Rationalizing Clinical Analytics in Healthcare IT

DEC 20

Innovative and complex technologies are rapidly gaining market traction, but are far from ubiquitous across U.S. hospitals.  For instance, why can credit card companies proactively call, email, and text customers within minutes of potential fraud on their accounts, but hospitals don’t use the same types of analytics to provide patients with better, and in some cases life-saving care?

The answers to these questions are not simple, but we’ve grouped them into four themes:

  • The systems, or lack thereof, in place at hospitals historically did not provide adequate interoperability;
  • Hospitals have prioritized expensive electronic medical record (EMR) deployments and revenue cycle management solutions ahead of clinical analytics platforms and have not had budget dollars to allocate to additional projects given cost constraints;
  • Clinicians have not been educated and trained to use these type of tools and, aside from early adopters, are reluctant to change;
  • There are not enough incentives in place for hospitals to change how they operate in order to improve care.
 

Hopefully these excuses will dissipate as modern clinical and administrative systems are deployed, clinicians realize the power of analytics, and incentives change across the healthcare landscape.  Chart reviews and significant human intervention with patients will still be prevalent, but clinical surveillance analytics will be additive platforms for improving patient care.  As hospitals complete the initial phases of their EMR deployments and have time to focus on harnessing their data to improve care, the market for clinical analytics will grow quickly.

Last week, Wolters Kluwer acquired Pharmacy OneSource (Disclosure: TripleTree was the exclusive advisor to Pharmacy OneSource on the deal).  The flagship application provided by Pharmacy OneSource is Sentri7®, a unique solution in an emerging market for clinical surveillance.  Sentri7 is a software-as-a-service (SaaS) application that receives data feeds from various hospital systems, such as EMR, admissions and demographics, nursing, laboratory, radiology, and pharmacy.  The system analyzes data feeds real-time against business rules (configured by hospital clinicians) which identify opportunities for clinicians to intervene and improve patient care.  A harbinger of where this market will evolve, Sentri7 can:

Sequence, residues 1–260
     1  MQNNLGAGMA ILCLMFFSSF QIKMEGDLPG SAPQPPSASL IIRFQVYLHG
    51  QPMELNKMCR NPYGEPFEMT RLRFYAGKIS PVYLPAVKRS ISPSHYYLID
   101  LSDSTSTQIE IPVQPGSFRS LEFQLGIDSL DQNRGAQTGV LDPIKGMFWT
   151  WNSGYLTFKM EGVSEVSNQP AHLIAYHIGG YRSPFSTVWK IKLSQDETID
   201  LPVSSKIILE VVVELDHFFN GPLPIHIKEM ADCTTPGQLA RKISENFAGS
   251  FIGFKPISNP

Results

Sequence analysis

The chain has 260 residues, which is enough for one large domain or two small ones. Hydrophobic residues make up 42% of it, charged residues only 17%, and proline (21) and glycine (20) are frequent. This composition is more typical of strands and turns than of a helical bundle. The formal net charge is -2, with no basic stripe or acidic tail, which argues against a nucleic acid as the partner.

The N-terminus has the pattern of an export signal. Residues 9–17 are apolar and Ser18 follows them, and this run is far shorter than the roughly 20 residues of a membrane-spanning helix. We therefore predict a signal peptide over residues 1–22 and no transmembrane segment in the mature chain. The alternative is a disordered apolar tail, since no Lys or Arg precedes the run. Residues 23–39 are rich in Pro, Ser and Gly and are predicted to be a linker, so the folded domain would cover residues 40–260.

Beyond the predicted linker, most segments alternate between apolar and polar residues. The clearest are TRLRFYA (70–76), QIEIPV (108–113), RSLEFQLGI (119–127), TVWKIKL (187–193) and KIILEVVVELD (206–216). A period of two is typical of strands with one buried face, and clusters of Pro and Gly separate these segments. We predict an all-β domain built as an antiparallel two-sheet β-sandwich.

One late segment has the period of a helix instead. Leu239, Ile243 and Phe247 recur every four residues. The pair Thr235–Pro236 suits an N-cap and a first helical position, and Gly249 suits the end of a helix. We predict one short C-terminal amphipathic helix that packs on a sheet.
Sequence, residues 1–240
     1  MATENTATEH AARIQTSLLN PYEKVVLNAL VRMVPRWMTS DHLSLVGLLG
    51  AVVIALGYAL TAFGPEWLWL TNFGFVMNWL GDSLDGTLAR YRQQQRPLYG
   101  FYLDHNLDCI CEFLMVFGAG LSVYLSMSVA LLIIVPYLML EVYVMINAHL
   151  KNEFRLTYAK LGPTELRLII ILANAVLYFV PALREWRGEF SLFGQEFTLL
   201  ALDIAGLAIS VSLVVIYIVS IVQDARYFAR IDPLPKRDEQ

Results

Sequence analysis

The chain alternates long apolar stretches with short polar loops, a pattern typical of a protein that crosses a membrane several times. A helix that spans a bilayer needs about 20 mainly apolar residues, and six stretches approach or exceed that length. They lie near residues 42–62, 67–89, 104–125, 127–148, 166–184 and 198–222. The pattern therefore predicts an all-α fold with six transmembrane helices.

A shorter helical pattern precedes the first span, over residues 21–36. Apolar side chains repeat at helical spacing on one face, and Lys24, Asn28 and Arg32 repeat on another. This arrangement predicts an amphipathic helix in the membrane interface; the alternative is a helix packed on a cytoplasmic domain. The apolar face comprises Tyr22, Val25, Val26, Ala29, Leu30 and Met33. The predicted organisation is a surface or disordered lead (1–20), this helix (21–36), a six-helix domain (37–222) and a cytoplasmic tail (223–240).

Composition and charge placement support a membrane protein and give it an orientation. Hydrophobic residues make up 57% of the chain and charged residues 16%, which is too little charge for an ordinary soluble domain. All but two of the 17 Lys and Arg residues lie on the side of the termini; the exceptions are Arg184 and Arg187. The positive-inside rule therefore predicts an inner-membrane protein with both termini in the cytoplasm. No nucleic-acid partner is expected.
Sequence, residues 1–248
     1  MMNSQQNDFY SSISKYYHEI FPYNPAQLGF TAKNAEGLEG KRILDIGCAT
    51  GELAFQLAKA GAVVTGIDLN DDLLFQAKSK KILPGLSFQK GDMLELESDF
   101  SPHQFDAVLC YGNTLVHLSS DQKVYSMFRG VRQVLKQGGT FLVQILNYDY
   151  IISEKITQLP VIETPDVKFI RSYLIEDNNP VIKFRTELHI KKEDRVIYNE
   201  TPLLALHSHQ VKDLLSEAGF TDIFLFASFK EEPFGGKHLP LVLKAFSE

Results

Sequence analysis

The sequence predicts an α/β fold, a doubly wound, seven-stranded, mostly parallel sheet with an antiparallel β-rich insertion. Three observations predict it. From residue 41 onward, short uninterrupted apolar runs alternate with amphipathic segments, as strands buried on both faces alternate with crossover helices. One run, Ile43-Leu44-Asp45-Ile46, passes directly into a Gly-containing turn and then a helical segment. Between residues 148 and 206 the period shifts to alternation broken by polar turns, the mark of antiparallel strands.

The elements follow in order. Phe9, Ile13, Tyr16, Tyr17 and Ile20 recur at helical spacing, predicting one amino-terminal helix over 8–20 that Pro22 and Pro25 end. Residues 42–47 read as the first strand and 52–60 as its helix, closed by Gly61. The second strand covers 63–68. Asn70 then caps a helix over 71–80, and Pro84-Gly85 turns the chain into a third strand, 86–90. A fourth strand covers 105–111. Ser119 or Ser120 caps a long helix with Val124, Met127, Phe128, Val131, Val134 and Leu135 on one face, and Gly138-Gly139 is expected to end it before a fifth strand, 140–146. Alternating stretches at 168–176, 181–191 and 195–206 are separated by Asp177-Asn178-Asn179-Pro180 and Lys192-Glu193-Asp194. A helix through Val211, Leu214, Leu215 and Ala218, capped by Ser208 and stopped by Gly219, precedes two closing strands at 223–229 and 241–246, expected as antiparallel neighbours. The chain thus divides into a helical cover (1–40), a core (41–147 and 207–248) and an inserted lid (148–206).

• Identify patients with complex medical conditions that are being overlooked,
  • Warn of early signs of sepsis,
  • Remind clinicians if evidence-based guidelines are not being followed,
  • And ensure the appropriate drugs are being administered to patients.
 

To be successful in this market, systems must be flexible, easy to use and seamlessly integrate into a clinicians’ workflow.  While EMR systems from the likes of Epic and Cerner can be programmed to mine data, they lack the architectural flexibility offered by clinical surveillance tools like Sentri7 which will become table stakes as the expectations of clinicians evolve.  Hospital IT departments are already over-burdened and adding development and maintenance of analytics business rules to their purview is not practical.

As the interoperability of healthcare data continues to expand, health information exchanges will enable analytics across regional hospital systems, surgery centers and standalone clinics.   We expect automated analytical tools to continue to proliferate across all areas of healthcare and related to clinical analytics within the hospital, surveillance is just the beginning.

Let us know what you think. Thanks and have a great week!

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Jason Grais